Dinner with friends on Friday, so no note-taking, just a ‘hazy’ memory jotted down a couple of days later…
The house prosecco got the evening moving before changing gear with Chandon de Briailles’ 2007 Charlemagne which was golden coloured, smelled a little of oak, nuts, honey. The mouth showed power, muscle and again a little oak but great balance though a suggestion(?) of oxidation. Great wine, but perhaps showing a tad older than its 10 years. I’ve 2 more, so I’ll use one at Christmas to decide if the last is a short-term drinker or no.
The 2009 Chandon de Briailles Volnay 1er Caillerets was a rented vineyard at that time but unfortunately they no-longer have the contract. This was decanted, as previous bottles needed lots of air – I think it worked. Transparent, mineral and intense with beautiful clarity of fruit – you’d be hard pressed to guess that it came from 2009 – super!
Next up was the 2009 des Chezeaux/Ponsot Chambertin. This wine is often described as being a modest intensity Chambertin, but clearly it had more concentration, dimension and complexity than the Caillerets that it followed. Really great fruit – worth the Ponsot tariff? Not for my money, but for the Chezeaux label (exactly the same wine) then yes indeed. Not mind-changing Chambertin, but a great wine all the same.
There was a need for more wine 🙂 So I pulled out my last bottle of the 1991 Savour Club, Chapelle-Chambertin – and the best for last! This clearly had the best, most robust cork of these 1991s, it was also the only one of the last 3 or 4 bottles that was clear and bright in the glass. Actually the nose was a little behind my last bottle, but it was a tour de force in the mouth – complex, robust, great intensity and a peacock’s tail of flavour dimensions – great wine!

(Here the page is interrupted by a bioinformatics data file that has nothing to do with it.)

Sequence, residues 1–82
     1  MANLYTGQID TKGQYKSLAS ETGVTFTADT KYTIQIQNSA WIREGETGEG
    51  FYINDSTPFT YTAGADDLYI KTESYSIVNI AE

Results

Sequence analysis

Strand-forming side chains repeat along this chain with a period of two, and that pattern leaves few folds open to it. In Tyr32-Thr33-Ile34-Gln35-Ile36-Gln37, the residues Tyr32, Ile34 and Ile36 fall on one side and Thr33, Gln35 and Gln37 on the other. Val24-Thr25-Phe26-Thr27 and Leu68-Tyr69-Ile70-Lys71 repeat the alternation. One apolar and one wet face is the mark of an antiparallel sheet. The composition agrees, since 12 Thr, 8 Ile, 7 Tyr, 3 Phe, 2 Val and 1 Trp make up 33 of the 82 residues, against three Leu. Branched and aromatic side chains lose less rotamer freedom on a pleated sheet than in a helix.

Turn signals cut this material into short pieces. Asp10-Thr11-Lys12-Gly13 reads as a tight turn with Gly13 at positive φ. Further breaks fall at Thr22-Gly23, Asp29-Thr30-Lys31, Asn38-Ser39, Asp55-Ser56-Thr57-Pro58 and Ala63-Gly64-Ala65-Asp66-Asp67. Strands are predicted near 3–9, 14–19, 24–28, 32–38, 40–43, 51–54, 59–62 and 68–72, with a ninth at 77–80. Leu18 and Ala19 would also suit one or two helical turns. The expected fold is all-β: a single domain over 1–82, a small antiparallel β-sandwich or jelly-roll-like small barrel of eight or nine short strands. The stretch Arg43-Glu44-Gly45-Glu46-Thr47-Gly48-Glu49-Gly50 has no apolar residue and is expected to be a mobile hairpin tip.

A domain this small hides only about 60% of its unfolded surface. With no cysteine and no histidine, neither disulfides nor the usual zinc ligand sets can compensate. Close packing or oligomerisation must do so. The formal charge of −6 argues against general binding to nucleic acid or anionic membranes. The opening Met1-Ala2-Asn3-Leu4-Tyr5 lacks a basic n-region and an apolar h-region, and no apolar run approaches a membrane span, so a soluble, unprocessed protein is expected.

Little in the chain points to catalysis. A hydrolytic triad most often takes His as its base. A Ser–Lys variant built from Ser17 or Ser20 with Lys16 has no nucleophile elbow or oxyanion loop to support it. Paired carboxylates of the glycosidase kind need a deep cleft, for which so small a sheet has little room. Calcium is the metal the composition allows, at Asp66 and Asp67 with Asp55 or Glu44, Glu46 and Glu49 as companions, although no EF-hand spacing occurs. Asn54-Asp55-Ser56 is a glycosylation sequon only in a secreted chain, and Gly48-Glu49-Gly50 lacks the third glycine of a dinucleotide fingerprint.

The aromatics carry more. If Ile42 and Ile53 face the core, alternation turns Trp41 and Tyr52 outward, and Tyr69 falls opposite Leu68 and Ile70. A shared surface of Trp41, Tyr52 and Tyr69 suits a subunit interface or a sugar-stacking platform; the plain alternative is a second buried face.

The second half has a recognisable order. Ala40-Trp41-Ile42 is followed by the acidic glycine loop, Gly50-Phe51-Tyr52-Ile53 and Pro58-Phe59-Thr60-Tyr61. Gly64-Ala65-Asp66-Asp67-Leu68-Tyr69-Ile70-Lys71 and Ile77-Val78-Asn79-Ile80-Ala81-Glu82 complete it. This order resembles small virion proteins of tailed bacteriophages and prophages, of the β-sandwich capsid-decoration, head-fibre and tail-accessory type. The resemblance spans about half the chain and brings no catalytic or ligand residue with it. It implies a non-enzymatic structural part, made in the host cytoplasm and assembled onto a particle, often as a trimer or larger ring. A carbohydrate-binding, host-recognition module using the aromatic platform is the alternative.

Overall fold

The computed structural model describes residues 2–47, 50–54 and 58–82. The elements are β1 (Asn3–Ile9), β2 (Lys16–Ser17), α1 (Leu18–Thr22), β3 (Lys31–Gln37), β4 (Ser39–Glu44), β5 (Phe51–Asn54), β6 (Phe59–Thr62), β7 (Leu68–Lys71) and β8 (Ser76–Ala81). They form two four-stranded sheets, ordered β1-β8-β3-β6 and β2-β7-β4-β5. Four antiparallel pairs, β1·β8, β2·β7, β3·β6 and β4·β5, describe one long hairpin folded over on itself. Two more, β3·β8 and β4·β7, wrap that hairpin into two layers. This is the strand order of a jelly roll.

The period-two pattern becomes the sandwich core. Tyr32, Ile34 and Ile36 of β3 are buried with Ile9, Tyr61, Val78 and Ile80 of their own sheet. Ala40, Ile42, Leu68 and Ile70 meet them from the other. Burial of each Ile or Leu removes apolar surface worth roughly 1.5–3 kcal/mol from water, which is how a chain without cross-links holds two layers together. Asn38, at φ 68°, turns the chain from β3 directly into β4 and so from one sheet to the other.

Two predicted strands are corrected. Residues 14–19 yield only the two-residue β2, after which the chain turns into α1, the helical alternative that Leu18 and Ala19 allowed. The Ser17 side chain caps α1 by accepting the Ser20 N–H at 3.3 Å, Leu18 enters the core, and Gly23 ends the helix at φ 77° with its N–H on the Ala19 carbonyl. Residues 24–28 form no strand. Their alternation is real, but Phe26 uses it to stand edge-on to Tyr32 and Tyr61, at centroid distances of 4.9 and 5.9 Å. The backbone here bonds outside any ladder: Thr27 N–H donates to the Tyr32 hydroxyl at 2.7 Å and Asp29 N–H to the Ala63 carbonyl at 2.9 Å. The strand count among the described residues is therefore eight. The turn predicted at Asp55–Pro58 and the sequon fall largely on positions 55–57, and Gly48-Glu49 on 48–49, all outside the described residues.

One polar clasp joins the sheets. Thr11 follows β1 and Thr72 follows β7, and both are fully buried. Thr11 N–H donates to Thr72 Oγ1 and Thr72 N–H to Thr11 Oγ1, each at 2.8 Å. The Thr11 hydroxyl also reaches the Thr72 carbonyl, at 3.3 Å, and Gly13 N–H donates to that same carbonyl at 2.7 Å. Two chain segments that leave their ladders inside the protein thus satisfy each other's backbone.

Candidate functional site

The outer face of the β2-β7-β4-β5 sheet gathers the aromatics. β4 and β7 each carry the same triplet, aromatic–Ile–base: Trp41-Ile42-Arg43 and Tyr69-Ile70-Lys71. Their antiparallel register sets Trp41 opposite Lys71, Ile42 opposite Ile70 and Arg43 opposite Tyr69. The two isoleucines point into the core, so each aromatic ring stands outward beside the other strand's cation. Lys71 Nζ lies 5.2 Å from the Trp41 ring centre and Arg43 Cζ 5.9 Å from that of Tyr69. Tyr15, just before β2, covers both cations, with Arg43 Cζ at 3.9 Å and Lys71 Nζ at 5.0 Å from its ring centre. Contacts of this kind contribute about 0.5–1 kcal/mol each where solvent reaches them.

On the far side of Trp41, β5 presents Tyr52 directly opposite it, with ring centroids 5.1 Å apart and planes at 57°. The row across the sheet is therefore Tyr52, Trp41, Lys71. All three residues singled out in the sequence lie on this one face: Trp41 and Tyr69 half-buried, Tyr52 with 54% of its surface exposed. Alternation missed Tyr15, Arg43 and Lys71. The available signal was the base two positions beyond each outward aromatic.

To revive the palate the next two days, two from Camille Giroud:
The 2010 Camille Giroud Bourgogne Cuvée L showed gorgeously floral aromatics that also carried over onto the palate – transparent and beautiful though missing a little mid-palate sweetness(?) Not as good as the magnum opened during Christmas 2015, but a great Bourgogne all the same.*
Finishing on Sunday with the 2007 Camille Giroud Corton Le Rognet – a wine that started with very modest aromatics, if deep. The palate shows another level of interest and complexity – really showing brilliantly today – like many 2007s. Muscle but with some cushioning texture and mouth-watering sweetness if long-lasting flavour. Excellent!
*’Bourgogne’ in name only. The few vintages where a cuvée L was produced saw all the lees from all the cuvees – Santenay to Chambertin – blended and then left to settle in tank for another 6+ months before bottling – so really its a blend of villages from Maranges to Marsannay with all the 1ers and grand crus included along the way…